My first hay/haylage feeders were built from spare lumber. I do everything I can to minimize my hay costs. This has more do do with the time it takes to haul round bales to the farm than with the price of the bales. I have found with time that the round bale feeders that are most efficient (have the least amount of wasted hay/haylage) are the ones that are like a giant covered dinner plate. This type of round bale feeder prevents the 30% or more hay/haylage loss that one gets with other round bale feeding methods. Even though I am baling my own hay now, I try to minimize loss.
For a small cattle operation like mine, where a round bale will last for a week, it is best to have the round bale feeder covered. If it is not covered and it rains, the hay/haylage in the bottom rots and you loose 20% or more of your hay. For larger operations with more cattle, the bale is eaten so fast that a cover is probably not needed.
If you are going to raise cattle, you have to manage them. This at times means holding them still so you can brand them, vaccinate them, or propagate them by means of artificial insemination. I researched several systems to hold cattle still and I decided on the Bry Chute. Longhorn cattle represent a special challenge because of their long horns. The Bry Chute is Longhorn friendly because the horns can stick out of the sides of the chute. The Bry Chute is adjustable so you can manage cows and bulls of different sizes. To see the system in use follow this link to YouTube: www.youtube.com/watch?v=LhM1saqda6o
Our first calf was born on 9/30/15. The bull father is named Mavericks. I purchased the mother, Terri Jean, pregnant. My neighbor who stops by my place daily called and told me the good news. The calf was born naturally without any assistance to the mother. This is one of the strong points of Longhorn cattle. They bare their off spring without the need for any human intervention 99% of the time. It took me a while to figure out if it was a male or female. Females urinate between their hind legs. Bull calves urinate just behind the midpoint between the front and rear legs (the underside middle between the front legs and rear legs). Yesterday the urine flowed from between the legs, a female! Since this calf has a bull father that is not our farm bull Rockefeller, we can keep it for breeding to Rockefeller.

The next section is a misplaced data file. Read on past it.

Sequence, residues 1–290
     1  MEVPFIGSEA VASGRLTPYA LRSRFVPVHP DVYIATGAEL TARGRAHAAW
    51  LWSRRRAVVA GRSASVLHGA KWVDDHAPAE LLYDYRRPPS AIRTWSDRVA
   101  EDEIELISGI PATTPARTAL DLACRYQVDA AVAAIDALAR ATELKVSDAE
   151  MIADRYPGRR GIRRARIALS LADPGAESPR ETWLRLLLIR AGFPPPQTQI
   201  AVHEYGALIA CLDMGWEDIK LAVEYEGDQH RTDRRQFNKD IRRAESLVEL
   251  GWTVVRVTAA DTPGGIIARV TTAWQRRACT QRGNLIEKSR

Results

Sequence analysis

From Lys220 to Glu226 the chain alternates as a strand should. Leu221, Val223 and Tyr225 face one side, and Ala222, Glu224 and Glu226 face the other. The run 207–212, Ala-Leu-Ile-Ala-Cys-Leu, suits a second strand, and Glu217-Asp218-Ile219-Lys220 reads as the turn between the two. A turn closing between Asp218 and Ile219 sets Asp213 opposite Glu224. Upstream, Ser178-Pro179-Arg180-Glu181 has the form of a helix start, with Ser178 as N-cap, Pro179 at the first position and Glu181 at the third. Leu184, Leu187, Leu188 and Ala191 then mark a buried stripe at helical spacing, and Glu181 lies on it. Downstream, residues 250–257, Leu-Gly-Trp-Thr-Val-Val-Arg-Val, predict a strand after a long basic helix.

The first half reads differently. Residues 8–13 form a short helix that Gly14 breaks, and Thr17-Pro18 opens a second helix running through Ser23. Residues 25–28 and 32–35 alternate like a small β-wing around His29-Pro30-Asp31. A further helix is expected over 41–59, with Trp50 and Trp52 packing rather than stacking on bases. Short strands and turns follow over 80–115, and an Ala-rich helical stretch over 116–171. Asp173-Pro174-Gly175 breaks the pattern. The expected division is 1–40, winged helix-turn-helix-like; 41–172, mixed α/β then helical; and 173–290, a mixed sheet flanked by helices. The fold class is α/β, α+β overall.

Nora and I went to the Cherry Blossom Sale in Culpeper Virginia. It was the first Longhorn sale we had been to. We drove from Delaware to the home of Ann G in Warrenton Virginia on Friday April 17th. It took about 3 hours. That night Miss Ann opened up her house and served everyone dinner and drinks. She paid for everything. Nora and I met and talked to other Longhorn cattle breeders/ranchers. We tried to learn as much as we could. Nora started out being mad at me because I did not tell her to wear cowboy boots and her nice shoes got all muddy. Also we were way over dressed as everyone else was wearing a cowboy hat and jeans. Well of course, these were Texas Longhorn people, what was I thinking. The sale the next day was interesting: typical animal auction. Not knowing what to expect, I was not surprised by the selling prices which ranged from $500 to $8000 per Longhorn cow. I got a speeding ticket on the way home which I blamed Nora for because I was too sleepy to be driving and she should have been at the wheel and it was her turn to be unfairly blamed.